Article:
White House Supports Barring Seizures of Reporters’ Phone Data

But the Justice Department is not commenting on whether a seemingly off-the-cuff remark by President Biden is now a policy directive.

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WASHINGTON — A White House spokeswoman appeared to confirm on Monday that the Biden administration would not permit federal prosecutors to seize reporters’ phone and email records in leak investigations, a potentially major change in law enforcement policy that President Biden promised in a seemingly off-the-cuff remark last week.

The Justice Department in recent weeks belatedly notified The Washington Post and CNN that under President Donald J. Trump, it had secretly subpoenaed their reporters’ communications records. Against that backdrop on Friday, a CNN reporter asked Mr. Biden whether he would prevent the department from going after journalists’ data.

After joking with the reporter, the president became serious, saying: “Absolutely, positively — it’s wrong. It’s simply, simply wrong. I will not let that happen.”

“It’s simply, simply wrong. I will not let that happen,” President Biden tells me about the Justice Department seizing the records of reporters. pic.twitter.com/bRL88NssMr

— Kaitlan Collins (@kaitlancollins)

May 21, 2021

The unambiguous nature of the comment was significant because the Justice Department, under presidents of both parties, has recently used tools of legal compulsion, like subpoenas to phone companies, to hunt for reporters’ sources in leak investigations.

That raised the question of whether administration officials would try to walk back Mr. Biden’s statement — which he had made while chatting with reporters after a joint news conference with President Moon Jae-in of South Korea at the White House — to preserve flexibility for prosecutors if they thought it was necessary in a future leak investigation.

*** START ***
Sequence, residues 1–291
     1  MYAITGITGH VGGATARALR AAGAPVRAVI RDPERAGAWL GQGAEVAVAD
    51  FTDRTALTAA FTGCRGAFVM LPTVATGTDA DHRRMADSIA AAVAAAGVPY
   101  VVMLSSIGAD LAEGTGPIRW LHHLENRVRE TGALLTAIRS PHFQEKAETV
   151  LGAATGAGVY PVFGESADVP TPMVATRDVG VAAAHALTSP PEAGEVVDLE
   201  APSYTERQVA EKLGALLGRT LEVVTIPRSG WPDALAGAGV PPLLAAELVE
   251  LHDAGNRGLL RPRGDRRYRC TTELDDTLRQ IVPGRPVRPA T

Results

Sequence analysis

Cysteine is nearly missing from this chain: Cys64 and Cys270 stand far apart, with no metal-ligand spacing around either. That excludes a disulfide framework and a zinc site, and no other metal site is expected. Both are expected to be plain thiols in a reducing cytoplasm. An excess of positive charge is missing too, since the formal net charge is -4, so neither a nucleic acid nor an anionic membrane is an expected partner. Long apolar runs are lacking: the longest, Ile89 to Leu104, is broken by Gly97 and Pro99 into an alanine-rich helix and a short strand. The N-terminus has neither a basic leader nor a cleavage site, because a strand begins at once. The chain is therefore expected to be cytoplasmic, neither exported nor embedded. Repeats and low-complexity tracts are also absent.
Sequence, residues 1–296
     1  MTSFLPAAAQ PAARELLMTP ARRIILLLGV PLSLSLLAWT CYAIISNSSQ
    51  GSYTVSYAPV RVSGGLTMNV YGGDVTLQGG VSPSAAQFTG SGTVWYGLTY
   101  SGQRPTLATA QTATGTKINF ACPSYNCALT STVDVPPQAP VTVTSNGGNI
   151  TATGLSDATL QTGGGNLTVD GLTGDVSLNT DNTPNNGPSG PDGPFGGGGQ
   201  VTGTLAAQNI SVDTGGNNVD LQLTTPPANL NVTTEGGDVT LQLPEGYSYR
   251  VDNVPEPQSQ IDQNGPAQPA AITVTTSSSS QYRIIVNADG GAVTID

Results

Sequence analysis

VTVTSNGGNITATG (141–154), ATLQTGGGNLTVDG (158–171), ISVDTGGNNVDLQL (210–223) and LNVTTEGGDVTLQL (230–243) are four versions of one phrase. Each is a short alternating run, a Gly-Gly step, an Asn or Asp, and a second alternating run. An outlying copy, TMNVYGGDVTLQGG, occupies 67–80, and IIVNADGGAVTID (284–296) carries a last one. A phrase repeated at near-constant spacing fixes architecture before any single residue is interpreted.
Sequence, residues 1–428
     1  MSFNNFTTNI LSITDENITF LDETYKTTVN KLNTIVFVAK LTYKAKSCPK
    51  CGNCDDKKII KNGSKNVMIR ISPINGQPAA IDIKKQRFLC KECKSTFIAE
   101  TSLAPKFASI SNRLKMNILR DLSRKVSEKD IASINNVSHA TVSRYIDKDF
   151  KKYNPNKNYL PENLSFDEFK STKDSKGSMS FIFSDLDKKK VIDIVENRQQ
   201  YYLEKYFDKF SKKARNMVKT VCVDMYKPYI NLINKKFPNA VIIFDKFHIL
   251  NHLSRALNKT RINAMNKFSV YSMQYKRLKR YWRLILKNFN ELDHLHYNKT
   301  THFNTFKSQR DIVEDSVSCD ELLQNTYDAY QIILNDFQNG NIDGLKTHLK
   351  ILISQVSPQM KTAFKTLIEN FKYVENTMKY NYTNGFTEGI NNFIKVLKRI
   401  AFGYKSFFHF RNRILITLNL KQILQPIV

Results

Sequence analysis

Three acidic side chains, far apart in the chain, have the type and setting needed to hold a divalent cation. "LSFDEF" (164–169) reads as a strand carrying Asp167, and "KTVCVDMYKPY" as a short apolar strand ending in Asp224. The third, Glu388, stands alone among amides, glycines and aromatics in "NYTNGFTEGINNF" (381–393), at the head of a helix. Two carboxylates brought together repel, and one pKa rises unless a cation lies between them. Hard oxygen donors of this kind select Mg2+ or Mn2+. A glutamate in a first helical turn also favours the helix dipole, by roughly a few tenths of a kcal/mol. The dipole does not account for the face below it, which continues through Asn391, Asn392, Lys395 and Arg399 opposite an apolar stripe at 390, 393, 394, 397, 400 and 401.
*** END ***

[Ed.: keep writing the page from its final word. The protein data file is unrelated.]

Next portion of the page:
But at a news briefing on Monday, Jen Psaki, the White House press secretary, did not try to soften Mr. Biden’s declaration. She instead characterized the president as thinking that the Justice Department during the Trump administration had abused its power “to intimidate journalists.”

And while Ms. Psaki would not say whether Mr. Biden had spoken to Attorney General Merrick B. Garland to convey his vow as a policy directive, she said, “the president made those comments quite publicly, so everyone, I think, is aware.”

Still, a spokesman for Mr. Garland declined to comment on Monday when asked about Mr. Biden’s remarks and whether they were now policy.

Prosecutors’ use of subpoenas, and sometimes search warrants, to learn who has been talking to reporters has been a growing practice during the past three administrations — a period when the Justice Department grew far more aggressive about charging officials with crimes for disclosing national security secrets to reporters.

The trend of more regularly treating leaks as crimes began midway through George W. Bush’s presidency and extended through Barack Obama and Mr. Trump’s administrations. And as such prosecutions became more common, investigators sometimes went after reporters’ communications records, causing recurring controversy.

A particularly intense moment came in May 2013, when it was revealed in short order that the Obama Justice Department had, in unrelated leak investigations, seized phone records for reporters at The Associated Press and used a search warrant to obtain a Fox News reporter’s emails.